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The repressed content is accepted intellectually but not emotionally. Anna Freud subsequently generalized this principle as the isolation of affect, a process where many repressed ideas may be expressed at the intellectual level without being confronted emotionally. It is possible, for example, to recognize having acted wrongly and even apologize without actually feeling any remorse.
Love and Hate: Psychoanalytic Perspectives by Taylor & Francis Ltd (Paperback, 2002)
Discussing threatening or painful topics in a highly cerebral manner, for example, feelings of abandonment, failure, or loss, may be a way of stopping oneself from experiencing these feelings. Thus, in Freud's later work, psychological defenses can operate against both unacceptable emotions and painful ideas. Sandler and Sandler have enlarged on this view by arguing that an emotion may be repressed very shortly after it has been experienced or felt and then disavowed.
In this way, it is suppressed, choked, and unacknowledged, yet not entirely obliterated; an example of such a choked emotion is the "unconscious sense of guilt" that Freud regarded as a fundamental cost of culture. No single psychological process provides as sharp a testing ground for the transformation of emotions as transference.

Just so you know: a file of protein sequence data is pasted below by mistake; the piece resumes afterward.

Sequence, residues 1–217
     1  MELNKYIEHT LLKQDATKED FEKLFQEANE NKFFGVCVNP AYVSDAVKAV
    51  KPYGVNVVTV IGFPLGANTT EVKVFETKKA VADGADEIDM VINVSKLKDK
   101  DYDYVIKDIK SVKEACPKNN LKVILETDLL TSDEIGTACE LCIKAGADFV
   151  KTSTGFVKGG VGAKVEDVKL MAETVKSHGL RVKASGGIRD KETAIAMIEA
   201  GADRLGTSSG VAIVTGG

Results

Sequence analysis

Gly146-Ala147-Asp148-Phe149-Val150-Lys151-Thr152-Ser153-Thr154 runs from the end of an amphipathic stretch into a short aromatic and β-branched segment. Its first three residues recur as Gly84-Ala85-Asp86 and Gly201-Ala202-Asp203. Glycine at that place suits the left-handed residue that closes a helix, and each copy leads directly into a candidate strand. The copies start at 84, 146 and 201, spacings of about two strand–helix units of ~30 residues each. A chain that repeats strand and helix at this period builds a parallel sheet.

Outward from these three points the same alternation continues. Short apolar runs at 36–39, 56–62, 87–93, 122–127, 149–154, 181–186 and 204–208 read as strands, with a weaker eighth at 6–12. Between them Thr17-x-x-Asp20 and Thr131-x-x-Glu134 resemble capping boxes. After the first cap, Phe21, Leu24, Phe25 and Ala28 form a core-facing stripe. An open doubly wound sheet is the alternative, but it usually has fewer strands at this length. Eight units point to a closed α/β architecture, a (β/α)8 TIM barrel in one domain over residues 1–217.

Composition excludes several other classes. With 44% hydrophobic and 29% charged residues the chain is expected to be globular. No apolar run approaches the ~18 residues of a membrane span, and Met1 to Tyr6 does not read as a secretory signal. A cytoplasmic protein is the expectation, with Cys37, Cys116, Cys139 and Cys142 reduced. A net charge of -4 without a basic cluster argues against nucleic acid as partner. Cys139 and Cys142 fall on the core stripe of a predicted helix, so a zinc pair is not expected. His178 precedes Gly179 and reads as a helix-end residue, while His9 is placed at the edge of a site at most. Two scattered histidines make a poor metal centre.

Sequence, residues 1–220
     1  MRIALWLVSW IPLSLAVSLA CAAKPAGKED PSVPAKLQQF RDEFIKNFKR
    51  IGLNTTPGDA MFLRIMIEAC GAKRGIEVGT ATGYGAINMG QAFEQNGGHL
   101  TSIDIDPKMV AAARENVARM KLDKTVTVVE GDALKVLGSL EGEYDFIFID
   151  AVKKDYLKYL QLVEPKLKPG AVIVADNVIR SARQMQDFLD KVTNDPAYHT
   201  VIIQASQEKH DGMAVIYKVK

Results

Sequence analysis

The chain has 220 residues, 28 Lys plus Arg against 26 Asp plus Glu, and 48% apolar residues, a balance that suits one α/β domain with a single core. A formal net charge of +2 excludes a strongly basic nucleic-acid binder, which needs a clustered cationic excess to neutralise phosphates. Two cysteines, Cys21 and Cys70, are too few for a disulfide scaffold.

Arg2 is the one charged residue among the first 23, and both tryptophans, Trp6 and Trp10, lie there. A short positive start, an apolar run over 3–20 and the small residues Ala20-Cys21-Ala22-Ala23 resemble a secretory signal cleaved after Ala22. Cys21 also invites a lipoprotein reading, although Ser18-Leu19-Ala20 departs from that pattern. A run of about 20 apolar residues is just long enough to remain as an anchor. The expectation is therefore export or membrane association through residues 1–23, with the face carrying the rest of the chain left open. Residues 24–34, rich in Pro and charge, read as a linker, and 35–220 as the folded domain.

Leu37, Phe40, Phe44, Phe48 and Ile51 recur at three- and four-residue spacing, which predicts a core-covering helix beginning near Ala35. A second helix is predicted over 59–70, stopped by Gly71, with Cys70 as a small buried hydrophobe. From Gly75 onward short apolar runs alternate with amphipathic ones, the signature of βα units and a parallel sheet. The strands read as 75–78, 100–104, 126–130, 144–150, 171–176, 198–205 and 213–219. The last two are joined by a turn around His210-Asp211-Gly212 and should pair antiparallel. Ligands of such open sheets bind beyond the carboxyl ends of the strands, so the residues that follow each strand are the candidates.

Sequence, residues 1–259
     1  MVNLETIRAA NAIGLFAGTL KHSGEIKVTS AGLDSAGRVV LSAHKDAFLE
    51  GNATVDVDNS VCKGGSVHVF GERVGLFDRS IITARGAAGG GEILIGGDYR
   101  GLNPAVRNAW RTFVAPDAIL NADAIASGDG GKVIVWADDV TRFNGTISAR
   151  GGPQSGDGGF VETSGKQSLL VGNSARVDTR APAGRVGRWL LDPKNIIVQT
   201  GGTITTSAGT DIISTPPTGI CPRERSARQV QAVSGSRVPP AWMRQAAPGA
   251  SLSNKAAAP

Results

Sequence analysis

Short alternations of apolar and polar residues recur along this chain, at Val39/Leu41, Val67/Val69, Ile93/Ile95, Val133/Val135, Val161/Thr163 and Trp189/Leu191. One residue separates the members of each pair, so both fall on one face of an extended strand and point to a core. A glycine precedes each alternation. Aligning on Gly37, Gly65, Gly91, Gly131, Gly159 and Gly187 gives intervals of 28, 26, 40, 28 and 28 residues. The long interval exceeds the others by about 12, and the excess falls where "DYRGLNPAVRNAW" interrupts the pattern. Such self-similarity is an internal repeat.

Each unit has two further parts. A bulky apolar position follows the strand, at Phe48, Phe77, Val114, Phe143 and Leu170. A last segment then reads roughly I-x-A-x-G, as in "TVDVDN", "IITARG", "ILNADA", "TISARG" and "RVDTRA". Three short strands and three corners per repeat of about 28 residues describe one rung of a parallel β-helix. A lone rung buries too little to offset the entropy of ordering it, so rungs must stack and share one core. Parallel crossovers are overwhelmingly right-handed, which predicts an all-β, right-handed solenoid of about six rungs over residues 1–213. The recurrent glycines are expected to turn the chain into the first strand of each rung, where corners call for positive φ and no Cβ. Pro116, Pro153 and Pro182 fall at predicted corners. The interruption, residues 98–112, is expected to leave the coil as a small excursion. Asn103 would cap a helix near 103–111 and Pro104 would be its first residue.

Transference is, in the first place, part of the complex emotional bond that develops between patient and analyst in an analytic situation. The seminal characteristic of this situation, and the one that provides vital leverage for psychoanalytic interpretations, is the repetition of earlier emotional experiences.
The patient does not merely recollect these experiences but actually relives them emotionally, redirecting many feelings, such as love, hate, fear, anger, and envy, onto the person of the analyst. In this manner, emotions, qualities, and symbols that once held a powerful grip over an individual resurface in the analytic situation to provide strong evidence as to the origins of mental disturbances.
If transference is the bedrock of psychoanalytic interventions within the therapeutic situation, its significance extends to groups and organizations. It has been recognized since Ferenczi's work in the s that repressed feelings may be transferred onto nonanalytic people, for example, political or religious leaders. In so doing, an individual may enhance positive feelings by introjecting them from external objects "As a follower of Christ, I am virtuous" or cast out negative feelings by projecting them onto external objects "It is not I who wishes to destroy him, but he who wishes to destroy me".